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i'm not saying there's an effective measure other than a military strike. a lot of people believe a military strike is probably the most effective way to force them to change their behavior. but the truth is the entire world community has paid precious little attention to syria over the last two years. and that includes not just the united states but all the members of the g-20. we had an interview in national memo the other day with ken roth, the head of human rights watch. they've followed syria very closely and said look, the performance of the g-20 with respect to syria is abysmal. it's abysmal politically. it's abysmal on the military issues and on humanitarian aid. the united states has done better on humanitarian aid than a lot of other countries. china and russia have blocked a lot of aid. but clearly there's more we could do. >> some consider you probably not surprisingly a liberal fire brand, progressive there. has president obama fulfilled all your expectations or is the jury still out on that?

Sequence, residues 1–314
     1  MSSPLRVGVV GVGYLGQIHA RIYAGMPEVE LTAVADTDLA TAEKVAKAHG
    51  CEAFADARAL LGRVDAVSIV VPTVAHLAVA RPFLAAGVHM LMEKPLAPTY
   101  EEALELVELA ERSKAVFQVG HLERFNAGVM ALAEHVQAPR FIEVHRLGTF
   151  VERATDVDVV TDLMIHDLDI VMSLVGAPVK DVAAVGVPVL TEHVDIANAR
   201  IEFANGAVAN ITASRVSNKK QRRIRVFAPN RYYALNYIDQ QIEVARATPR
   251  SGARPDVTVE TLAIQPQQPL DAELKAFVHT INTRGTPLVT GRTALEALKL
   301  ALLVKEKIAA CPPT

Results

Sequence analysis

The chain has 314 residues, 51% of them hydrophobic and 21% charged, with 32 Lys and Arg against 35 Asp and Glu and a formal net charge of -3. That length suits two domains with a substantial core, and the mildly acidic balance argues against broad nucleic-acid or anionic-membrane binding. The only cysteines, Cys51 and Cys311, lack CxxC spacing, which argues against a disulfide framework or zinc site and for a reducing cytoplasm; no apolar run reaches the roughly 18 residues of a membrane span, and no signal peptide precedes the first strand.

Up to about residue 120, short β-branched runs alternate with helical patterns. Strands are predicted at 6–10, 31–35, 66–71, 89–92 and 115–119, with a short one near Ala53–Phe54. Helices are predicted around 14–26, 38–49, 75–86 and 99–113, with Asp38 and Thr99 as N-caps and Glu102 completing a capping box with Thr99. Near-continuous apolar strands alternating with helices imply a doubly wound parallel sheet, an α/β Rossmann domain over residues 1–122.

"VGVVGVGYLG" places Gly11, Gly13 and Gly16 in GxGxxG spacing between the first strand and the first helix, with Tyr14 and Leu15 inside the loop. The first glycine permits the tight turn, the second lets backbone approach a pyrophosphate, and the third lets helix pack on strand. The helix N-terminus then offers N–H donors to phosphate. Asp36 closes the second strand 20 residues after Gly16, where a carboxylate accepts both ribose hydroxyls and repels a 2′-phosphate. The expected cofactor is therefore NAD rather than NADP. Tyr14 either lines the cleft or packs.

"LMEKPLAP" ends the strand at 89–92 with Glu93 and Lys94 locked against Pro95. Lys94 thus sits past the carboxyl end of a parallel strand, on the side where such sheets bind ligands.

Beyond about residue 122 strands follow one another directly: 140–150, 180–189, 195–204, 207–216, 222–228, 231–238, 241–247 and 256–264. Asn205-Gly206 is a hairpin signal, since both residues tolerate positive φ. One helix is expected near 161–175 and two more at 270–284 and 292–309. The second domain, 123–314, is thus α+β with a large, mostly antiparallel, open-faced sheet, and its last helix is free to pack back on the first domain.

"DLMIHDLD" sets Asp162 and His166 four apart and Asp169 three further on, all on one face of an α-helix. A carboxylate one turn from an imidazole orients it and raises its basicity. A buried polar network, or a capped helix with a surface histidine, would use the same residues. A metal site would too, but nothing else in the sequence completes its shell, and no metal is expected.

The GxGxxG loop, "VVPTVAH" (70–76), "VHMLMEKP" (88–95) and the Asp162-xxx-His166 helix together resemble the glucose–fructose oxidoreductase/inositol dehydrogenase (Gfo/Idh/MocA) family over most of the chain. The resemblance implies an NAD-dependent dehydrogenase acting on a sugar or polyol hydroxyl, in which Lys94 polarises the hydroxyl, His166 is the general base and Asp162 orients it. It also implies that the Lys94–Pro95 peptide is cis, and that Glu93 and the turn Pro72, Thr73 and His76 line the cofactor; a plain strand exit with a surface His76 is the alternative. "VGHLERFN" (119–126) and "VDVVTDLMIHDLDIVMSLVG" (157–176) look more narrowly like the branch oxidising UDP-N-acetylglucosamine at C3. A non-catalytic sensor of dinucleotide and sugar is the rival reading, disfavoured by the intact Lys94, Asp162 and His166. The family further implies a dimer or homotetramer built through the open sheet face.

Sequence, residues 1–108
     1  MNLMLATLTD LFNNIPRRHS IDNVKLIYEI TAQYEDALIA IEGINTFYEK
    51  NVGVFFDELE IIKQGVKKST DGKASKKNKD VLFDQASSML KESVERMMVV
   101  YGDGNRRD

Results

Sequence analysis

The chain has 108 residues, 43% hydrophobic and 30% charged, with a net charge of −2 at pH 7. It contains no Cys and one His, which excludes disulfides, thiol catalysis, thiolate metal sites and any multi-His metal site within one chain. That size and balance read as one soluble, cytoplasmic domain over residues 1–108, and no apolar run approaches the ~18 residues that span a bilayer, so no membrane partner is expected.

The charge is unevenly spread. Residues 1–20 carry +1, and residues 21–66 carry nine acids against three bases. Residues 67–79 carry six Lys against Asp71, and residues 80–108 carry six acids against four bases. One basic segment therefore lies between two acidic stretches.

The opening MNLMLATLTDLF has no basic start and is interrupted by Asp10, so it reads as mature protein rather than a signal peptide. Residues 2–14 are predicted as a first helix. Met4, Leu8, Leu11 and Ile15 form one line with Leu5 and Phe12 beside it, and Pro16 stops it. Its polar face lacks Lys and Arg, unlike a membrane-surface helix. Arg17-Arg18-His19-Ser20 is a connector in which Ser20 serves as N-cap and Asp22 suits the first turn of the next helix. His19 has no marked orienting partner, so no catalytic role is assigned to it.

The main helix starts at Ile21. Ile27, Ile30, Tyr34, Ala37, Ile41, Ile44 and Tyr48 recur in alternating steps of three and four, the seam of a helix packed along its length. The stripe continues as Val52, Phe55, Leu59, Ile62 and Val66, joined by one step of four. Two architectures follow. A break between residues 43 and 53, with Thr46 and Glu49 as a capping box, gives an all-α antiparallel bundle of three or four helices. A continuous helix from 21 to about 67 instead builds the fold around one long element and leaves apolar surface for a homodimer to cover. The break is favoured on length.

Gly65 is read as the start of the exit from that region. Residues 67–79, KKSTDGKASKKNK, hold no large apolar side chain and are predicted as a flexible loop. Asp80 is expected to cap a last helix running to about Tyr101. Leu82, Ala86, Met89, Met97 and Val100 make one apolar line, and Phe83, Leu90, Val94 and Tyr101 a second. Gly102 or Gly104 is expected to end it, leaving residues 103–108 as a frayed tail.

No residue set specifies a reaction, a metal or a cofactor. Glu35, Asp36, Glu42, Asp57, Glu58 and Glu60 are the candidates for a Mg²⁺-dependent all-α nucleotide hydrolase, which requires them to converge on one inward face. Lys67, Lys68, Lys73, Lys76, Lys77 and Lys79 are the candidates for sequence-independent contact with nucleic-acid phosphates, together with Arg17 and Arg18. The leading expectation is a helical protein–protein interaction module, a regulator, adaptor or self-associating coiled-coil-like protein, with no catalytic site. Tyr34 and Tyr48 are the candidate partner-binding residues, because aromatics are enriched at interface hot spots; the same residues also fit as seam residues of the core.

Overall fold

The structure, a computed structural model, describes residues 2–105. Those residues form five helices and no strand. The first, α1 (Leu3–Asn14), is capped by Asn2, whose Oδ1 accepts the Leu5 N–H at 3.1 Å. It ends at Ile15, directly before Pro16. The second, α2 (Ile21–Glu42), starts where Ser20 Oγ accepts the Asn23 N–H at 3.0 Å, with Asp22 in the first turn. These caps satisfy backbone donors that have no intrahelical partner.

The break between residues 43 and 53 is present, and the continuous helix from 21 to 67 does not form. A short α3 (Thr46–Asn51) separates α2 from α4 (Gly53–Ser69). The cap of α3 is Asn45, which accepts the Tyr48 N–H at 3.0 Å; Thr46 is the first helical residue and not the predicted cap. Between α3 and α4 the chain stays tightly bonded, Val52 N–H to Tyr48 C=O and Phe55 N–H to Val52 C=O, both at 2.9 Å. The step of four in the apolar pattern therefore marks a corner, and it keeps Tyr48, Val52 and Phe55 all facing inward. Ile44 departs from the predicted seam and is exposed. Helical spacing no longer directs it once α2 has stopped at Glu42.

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>> in the beginning i was not a true obama believer. i was pretty critical of both him and hillary clintoning in 2008. i wasn't -- i don't think i drank the kool-aid on obama. so my expectations were somewhat lower. which is good because i'm not disappointed now. i actually think he's done very credible job as president. i think he did save us from depression against a lot of opposition on the other side. has he done everything i would want him to do? no, but i don't expect that from politicians. i hope they're going to try to do their best. i hope they try to fulfill promises. >> but the expectations overall of president obama, have you sensible expectations. but the majority -- >> i try to. >> the majority of people i don't think did. >> the expectation he raised that he could never fulfill was that he was going to change washington and bring about a sort of bipartisan, a new jerusalem of bipartisan good feeling. that was never going to happen. i don't know whether he knew